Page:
However, King county Water Taxi is currently operated by a sub-contractor, and it should be noted that the boats formerly used on the Vashon Island route are for sale.
Therefore, the entire situation with the passenger only ferries could change from one year to the next, depending on the operator, the equipment being used, and the source of funding.
This tip only reflects the situation of things as they were in August of 2010.
Photo 1: This is how the entrance to Pier 50 looks from the south side. Most people will actually come at this from the north, as that is where most of the transportation and tourist attractions are. However, as you can see, the traffic in the background was very heavy and there was no way to get a photo from the north side.
Photo 2: The structure on the right is the waiting room, which is currently a tent-like annex to the old ticket booth. The old waiting room structure is currently completely closed to the public.
Photo 3: Boats operated by the King County Water Taxi, which currently serve both West Seattle and Vashon Island, depart from the far end of Pier 50.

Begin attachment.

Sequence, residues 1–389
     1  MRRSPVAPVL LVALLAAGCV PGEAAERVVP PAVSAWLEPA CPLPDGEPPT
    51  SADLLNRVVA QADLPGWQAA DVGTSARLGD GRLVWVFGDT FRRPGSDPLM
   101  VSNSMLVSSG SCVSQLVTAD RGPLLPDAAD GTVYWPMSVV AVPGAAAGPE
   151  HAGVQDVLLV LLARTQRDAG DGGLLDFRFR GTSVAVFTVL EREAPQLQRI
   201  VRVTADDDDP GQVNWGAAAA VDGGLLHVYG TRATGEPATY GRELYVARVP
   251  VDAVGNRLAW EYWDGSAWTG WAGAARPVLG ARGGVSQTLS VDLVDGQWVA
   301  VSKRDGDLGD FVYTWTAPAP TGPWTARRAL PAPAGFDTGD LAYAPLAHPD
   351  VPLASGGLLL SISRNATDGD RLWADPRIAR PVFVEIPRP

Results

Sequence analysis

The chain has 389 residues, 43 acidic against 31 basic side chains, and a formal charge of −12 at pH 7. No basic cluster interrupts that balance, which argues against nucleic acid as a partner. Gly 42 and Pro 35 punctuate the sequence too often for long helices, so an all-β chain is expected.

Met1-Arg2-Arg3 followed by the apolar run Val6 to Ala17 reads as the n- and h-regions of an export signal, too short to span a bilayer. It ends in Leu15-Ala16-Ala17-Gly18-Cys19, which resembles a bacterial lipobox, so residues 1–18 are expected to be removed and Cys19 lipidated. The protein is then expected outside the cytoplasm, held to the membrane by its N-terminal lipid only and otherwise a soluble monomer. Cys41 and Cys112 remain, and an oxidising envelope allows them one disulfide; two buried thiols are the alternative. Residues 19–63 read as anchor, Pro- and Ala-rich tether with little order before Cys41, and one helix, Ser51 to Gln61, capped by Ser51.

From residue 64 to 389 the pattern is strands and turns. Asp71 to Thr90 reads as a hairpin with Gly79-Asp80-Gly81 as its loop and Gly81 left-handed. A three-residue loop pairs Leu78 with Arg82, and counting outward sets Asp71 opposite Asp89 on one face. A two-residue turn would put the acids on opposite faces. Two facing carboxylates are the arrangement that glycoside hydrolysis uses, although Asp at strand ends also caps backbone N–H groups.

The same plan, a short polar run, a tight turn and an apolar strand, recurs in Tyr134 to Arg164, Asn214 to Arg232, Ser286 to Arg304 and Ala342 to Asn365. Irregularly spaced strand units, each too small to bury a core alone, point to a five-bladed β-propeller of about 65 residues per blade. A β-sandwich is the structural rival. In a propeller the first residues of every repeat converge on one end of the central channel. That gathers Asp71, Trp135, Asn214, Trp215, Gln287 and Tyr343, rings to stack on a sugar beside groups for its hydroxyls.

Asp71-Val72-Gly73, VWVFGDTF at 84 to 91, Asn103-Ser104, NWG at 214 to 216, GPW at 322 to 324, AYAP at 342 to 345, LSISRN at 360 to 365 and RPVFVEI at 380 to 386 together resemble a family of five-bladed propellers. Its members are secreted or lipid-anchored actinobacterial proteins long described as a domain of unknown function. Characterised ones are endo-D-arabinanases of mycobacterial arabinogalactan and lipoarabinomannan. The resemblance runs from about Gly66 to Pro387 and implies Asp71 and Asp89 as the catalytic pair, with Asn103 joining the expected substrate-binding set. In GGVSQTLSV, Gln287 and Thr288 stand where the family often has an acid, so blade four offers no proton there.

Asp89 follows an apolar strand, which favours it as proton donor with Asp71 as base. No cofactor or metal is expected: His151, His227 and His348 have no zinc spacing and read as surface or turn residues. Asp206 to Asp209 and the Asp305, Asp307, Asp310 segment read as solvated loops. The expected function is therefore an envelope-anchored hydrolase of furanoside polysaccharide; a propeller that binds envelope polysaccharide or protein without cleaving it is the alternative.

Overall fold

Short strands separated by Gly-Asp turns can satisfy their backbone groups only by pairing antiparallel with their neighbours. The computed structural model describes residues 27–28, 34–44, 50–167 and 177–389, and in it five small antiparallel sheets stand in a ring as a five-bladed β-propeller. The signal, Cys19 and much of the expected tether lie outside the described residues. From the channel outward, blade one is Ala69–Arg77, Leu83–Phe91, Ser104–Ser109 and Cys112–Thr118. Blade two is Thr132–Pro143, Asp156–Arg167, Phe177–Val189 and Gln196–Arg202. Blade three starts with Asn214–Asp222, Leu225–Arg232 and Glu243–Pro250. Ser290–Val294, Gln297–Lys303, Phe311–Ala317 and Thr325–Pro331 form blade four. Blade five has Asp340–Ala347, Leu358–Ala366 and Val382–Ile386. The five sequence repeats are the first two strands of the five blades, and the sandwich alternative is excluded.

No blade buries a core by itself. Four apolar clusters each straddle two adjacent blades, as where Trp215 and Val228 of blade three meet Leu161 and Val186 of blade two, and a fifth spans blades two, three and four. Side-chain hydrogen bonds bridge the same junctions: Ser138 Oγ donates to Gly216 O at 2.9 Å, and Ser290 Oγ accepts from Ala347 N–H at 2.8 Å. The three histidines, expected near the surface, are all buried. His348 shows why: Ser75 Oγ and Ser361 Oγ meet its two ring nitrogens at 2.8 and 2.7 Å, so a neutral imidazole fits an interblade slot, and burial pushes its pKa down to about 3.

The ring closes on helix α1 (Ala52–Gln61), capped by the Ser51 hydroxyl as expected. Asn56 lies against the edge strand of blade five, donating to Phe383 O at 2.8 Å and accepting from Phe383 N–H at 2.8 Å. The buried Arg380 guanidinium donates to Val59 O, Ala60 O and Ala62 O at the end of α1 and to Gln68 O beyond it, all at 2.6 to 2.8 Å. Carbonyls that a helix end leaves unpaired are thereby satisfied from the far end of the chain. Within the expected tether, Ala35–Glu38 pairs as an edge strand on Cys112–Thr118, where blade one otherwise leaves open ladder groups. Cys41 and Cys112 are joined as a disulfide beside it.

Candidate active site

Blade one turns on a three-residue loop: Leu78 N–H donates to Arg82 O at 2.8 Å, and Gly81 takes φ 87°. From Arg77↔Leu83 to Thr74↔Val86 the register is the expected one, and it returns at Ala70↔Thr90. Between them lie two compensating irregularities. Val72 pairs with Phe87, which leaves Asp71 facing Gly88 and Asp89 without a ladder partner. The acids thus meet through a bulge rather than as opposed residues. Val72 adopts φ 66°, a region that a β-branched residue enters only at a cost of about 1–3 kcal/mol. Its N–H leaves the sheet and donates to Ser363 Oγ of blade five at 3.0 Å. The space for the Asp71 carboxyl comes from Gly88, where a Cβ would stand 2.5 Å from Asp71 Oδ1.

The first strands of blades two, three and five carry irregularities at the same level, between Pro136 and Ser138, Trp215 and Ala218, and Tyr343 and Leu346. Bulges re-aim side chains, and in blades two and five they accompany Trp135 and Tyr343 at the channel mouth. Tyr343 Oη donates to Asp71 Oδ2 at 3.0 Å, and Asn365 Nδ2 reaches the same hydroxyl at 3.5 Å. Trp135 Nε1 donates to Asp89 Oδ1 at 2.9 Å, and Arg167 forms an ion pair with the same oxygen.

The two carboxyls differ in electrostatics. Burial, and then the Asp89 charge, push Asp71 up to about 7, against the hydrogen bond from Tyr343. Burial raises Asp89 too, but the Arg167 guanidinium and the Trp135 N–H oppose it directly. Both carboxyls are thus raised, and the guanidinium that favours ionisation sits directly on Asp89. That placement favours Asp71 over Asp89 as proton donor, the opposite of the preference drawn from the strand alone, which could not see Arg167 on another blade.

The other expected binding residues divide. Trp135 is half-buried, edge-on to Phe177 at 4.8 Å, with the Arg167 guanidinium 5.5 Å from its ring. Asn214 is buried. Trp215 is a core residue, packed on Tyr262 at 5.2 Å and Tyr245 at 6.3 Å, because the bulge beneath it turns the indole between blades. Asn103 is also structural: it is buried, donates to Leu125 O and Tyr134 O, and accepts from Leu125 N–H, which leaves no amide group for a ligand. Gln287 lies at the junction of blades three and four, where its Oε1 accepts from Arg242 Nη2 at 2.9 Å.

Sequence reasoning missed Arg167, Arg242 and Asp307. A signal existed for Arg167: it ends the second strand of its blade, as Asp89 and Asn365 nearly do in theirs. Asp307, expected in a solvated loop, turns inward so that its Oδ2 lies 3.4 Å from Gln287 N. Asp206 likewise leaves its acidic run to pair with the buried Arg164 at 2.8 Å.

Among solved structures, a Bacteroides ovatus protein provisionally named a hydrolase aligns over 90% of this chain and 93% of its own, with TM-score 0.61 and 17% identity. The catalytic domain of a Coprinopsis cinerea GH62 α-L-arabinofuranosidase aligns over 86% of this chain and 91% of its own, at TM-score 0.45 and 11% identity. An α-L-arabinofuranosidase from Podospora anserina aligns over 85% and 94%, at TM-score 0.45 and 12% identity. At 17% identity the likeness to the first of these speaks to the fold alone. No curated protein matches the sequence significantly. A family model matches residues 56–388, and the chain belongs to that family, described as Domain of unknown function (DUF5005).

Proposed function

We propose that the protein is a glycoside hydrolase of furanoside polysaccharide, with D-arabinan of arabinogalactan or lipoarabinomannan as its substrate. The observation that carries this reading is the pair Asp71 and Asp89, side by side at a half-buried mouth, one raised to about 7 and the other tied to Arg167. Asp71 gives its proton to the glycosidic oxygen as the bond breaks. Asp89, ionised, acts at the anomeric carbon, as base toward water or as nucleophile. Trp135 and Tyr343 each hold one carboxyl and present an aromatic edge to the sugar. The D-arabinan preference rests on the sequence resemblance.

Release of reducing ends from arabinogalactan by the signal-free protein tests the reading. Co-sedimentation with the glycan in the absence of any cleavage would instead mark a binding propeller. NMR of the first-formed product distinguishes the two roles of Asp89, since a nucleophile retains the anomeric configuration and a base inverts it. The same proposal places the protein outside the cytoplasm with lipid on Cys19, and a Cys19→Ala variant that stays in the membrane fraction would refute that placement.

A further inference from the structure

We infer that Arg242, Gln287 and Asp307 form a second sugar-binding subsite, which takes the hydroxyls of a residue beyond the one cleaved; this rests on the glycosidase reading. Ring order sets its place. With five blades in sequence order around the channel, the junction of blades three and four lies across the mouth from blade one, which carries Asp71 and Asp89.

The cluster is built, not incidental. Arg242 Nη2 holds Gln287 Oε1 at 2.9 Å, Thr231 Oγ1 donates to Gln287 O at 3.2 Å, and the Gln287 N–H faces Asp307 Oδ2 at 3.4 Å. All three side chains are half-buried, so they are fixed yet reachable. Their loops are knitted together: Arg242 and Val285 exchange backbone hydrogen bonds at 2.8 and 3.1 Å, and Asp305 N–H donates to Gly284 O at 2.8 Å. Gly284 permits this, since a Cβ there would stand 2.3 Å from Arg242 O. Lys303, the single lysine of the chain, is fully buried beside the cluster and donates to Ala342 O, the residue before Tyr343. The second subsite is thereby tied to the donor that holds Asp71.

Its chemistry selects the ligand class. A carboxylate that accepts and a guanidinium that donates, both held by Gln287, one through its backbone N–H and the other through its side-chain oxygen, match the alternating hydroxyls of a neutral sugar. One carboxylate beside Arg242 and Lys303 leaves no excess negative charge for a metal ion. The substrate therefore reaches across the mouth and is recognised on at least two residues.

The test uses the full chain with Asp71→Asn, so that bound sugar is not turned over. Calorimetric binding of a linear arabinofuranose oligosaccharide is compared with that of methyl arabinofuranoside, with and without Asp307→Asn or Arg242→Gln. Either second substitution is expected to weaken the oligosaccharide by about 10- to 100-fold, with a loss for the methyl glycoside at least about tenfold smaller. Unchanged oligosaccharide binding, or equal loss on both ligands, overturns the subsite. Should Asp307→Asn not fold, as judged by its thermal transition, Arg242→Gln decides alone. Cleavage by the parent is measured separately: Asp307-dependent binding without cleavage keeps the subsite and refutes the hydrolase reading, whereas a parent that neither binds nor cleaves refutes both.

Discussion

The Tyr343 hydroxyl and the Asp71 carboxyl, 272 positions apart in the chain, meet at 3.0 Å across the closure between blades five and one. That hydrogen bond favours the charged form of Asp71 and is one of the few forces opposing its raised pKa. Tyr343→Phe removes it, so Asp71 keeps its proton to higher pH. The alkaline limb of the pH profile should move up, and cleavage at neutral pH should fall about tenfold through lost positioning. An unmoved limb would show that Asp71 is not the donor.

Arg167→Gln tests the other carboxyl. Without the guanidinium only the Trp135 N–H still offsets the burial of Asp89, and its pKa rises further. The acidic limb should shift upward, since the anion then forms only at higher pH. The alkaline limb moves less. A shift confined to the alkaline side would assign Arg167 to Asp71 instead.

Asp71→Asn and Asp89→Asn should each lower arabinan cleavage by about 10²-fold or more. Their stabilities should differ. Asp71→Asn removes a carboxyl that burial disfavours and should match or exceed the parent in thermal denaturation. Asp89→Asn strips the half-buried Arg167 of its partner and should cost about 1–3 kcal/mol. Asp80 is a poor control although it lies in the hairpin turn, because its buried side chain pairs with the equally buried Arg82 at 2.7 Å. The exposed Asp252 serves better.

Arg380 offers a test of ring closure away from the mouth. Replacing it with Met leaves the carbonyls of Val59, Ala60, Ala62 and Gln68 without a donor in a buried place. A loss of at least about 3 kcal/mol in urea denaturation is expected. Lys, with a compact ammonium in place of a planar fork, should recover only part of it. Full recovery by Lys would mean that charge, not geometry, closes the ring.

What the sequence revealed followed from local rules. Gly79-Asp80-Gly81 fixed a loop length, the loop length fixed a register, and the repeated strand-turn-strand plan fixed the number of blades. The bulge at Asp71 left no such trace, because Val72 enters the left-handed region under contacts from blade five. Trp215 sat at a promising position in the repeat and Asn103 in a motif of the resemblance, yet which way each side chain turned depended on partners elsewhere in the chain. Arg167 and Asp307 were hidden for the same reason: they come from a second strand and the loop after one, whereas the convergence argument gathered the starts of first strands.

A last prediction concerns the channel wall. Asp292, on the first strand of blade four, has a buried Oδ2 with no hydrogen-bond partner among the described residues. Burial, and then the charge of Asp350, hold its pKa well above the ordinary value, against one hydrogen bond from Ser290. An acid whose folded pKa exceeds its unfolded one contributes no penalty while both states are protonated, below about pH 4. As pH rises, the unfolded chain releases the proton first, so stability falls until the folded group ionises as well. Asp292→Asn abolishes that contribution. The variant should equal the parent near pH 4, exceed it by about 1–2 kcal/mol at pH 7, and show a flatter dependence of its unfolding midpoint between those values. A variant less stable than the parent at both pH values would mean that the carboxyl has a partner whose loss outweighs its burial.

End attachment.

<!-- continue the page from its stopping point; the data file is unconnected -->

Photo 4.: Middle section of walkway is for passengers disembarking, left side is for waiting to board for West Seattle, and the right section is for those waiting for Vashon Island. When you see the ship approaching off in the distance, it is time to start waiting in line at the entrance to the docking area.
Photo 5: There are dozens of signs giving all sorts of information and instructions, and it is up to you to follow them.
My Travelogue of the Seattle to Vashon Island Ferry route in 2009 has a photo of Pier 50 from straight on, so the different angle may be helpful in seeing the pier.
My Travelogue of the Seattle to Vashon Island Route in 2010 shows the route in better lighting and better weather.
Vashon Island Ferry goes from Seattle to Vashon Island from Pier 50, as of 2010.